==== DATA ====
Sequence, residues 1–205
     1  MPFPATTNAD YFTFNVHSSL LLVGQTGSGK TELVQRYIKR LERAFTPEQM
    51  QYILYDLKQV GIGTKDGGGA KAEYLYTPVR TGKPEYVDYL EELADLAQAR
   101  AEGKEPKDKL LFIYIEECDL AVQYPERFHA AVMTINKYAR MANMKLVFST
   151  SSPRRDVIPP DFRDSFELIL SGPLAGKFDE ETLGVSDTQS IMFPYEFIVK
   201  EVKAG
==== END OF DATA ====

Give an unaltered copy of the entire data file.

Sequence, residues 1–205
     1  MPFPATTNAD YFTFNVHSSL LLVGQTGSGK TELVQRYIKR LERAFTPEQM
    51  QYILYDLKQV GIGTKDGGGA KAEYLYTPVR TGKPEYVDYL EELADLAQAR
   101  AEGKEPKDKL LFIYIEECDL AVQYPERFHA AVMTINKYAR MANMKLVFST
   151  SSPRRDVIPP DFRDSFELIL SGPLAGKFDE ETLGVSDTQS IMFPYEFIVK
   201  EVKAG